4. Glasshopper/Surrealistic Warrior I
Tenuous reverberations of a choir (that was put through a Frippertronic) have been layered and attuned to the processed sounds of a piano on which a major chord is struck. The piano sound has been amplified, then edited in such a way that the hammering of the keys on the strings of the piano is no longer audible. A recording of the same chord is reversed - i.e., it starts with the ausklang - as it blends with the original chord. The combination is then looped in order to get the sound to swell. Fragments of a double bass, played with a bow, are clustered within a chord that is subsequently reversed and repeated in a loop to get a 'sweeping sound'. The internal struggle that characterizes the sculpture is also evident from the war sounds in this composition.

5. It's a bullfight
Clusters of vibration created by metal sheets are recorded with contact microphones, allowing the tones to mix as four players continue to move the sheets at low frequencies. The piano has now lost its body. It is treated harshly by painter/musician Joep Vossen as 'anti-smoke magician' Jasper Grootveld continues to tap on his beer bottle.

6. Diving figure
This section starts with a percussion session on the bulky pillars of the old labour distribution building in the Amsterdam harbour. Then the double bass takes us below the water surface. Bubbles are blown through plastic tubes of varying diameters. In addition, a water tank/echo cauldron was used, constructed by Von Kleist. It produces typical 'lazy' muddy echo effects.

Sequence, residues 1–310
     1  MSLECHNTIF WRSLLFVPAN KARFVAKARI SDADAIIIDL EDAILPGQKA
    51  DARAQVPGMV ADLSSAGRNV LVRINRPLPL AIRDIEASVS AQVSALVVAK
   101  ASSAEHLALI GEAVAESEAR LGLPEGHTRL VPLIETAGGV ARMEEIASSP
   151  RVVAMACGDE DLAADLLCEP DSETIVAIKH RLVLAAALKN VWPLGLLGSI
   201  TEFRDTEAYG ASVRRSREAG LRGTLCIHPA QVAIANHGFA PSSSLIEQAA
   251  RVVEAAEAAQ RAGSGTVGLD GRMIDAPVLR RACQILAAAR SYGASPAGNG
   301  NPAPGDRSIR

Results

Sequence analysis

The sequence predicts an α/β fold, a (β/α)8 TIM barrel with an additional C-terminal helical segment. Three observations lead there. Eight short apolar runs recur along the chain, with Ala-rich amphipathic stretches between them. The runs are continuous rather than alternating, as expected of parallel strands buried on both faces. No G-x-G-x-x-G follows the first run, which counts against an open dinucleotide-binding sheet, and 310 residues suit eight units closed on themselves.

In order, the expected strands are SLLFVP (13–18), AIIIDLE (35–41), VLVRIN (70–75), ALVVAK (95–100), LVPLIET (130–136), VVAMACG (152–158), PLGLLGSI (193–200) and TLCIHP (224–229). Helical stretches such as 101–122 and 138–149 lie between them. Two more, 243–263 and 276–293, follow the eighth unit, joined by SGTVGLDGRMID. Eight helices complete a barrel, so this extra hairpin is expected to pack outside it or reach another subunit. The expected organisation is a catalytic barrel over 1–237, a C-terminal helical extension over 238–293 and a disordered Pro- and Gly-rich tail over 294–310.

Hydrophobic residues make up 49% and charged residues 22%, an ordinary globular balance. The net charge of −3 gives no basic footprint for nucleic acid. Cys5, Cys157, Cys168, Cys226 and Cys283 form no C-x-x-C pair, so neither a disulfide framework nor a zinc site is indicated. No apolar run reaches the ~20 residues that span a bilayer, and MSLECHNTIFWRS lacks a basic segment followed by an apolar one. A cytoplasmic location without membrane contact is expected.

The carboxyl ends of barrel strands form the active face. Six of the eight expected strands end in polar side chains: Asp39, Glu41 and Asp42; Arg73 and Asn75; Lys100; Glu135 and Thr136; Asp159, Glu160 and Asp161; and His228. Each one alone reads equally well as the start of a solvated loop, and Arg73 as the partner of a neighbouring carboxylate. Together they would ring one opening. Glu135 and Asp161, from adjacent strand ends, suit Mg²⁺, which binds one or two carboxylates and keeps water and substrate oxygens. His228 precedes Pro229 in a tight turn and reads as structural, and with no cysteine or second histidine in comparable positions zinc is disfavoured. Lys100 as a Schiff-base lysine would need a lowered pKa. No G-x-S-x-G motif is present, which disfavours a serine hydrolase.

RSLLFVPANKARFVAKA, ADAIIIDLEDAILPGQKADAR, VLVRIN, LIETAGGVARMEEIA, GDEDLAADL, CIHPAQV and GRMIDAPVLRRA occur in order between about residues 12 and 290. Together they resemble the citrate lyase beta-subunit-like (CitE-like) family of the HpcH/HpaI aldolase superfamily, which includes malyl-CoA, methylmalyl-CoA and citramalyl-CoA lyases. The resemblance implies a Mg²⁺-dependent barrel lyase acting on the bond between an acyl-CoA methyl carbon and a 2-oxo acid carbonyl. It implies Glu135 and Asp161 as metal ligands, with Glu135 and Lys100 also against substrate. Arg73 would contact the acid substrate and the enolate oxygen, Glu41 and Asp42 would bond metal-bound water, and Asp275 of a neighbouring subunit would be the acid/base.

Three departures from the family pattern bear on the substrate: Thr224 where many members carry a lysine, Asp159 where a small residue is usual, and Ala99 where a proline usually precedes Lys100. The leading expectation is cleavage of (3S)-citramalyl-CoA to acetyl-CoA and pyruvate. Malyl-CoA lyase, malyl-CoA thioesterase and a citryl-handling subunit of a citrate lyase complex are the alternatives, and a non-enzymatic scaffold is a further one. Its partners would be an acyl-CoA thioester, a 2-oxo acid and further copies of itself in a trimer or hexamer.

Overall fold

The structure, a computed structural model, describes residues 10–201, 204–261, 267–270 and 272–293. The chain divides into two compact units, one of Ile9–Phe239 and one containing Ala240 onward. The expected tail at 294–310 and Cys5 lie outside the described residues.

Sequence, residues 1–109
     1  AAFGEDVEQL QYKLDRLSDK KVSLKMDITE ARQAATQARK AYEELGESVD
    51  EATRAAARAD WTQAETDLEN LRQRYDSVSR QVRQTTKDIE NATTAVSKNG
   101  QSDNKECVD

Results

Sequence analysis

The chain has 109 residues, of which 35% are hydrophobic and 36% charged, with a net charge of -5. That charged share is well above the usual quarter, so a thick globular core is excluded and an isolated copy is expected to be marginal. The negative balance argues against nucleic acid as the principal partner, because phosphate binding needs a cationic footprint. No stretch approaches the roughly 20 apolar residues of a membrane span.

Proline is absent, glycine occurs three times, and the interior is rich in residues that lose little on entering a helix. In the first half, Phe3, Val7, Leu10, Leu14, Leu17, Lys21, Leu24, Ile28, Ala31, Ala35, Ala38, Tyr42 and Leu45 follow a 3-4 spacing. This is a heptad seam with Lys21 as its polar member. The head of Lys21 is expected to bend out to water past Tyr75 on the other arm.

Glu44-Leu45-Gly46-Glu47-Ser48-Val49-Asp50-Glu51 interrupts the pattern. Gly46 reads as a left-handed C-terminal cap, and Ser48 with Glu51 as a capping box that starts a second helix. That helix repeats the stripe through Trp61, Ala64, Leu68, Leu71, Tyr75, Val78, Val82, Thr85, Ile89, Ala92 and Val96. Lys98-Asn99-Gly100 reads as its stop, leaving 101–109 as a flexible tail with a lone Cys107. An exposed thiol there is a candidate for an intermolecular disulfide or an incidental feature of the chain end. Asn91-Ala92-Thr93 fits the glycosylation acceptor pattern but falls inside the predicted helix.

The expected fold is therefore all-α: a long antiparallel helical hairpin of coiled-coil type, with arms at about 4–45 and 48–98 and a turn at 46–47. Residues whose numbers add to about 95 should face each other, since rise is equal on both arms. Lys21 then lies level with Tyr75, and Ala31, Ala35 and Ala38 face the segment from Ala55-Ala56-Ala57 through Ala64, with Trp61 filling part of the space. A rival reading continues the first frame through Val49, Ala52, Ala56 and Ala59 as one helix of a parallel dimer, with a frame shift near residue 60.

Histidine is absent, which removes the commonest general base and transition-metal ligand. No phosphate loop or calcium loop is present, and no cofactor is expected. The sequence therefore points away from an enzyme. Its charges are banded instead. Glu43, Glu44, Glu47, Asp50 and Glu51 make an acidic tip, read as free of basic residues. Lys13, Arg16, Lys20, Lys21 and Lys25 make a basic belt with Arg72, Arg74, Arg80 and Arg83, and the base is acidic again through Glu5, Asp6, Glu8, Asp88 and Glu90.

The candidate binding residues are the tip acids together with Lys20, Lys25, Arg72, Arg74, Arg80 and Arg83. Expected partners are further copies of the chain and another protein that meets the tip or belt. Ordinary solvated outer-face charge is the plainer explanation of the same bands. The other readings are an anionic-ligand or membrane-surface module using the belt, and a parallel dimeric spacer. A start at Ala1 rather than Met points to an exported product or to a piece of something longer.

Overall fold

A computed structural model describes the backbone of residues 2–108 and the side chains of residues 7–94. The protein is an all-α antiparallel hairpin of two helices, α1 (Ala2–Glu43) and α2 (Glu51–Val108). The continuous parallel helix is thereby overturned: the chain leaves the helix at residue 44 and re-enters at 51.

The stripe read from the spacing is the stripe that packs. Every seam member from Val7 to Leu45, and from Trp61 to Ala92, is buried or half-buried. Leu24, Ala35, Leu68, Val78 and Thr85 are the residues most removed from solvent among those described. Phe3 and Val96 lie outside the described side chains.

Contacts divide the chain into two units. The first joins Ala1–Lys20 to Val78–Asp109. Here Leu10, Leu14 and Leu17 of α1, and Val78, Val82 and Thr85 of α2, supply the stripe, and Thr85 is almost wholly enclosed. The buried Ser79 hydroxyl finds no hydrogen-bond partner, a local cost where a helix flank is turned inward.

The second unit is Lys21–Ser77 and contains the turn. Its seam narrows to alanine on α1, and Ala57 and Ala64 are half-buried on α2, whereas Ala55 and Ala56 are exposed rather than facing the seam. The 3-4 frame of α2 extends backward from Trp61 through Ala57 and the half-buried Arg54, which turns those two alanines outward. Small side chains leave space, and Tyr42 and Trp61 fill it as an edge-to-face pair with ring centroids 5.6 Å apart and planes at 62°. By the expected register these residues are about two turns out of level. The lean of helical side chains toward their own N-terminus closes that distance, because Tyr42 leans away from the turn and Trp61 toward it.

7. Elegantly moving figure
Several frequency ranges of the vibraphone are selected and re-recorded as reverberation is added. The choir is an amalgam of various recordings of
Von Kleist's voice through the Frippertronic. Joep Vossen plays the dismantled piano as he uses a tuning fork to obtain a beautiful sliding pitch.

8. Worm-catching bird
The sound had to match the vernal character of the sculpture ... light and young and hopeful. In order to sound like a bird, Von Kleist held his hands like a shell, and then blew through them. In addition, he applied slow reverberation to a recording of a symphony orchestra tuning up before the start of an opera, then combined the sound with percussion by Vossen on bamboo canes. An electric guitar continues seemingly endlessly through a tape delay.

9/10. Heroic Figure I & II
Sculptor Willebrands holds a large bronze ring as Von Kleist hits it and simultaneously zooms in on the long drawn-out frequencies of the vibrating metal. A deadly collaboration follows. Drumsticks with felt heads rain down on the body of a grand piano, accompanied by a tambourine. Monks murmur as subtle raps on the piano body are gradually overruled by majestic natural elements - thunder, lightning. Forceful timpani beats make way for a male-voice choir that produces a wrenching chord in various scales on special request. In conjunction with the sounds of a foghorn in the Amsterdam harbour, the effect is intriguing and slightly alienating.  

11. Blue Moon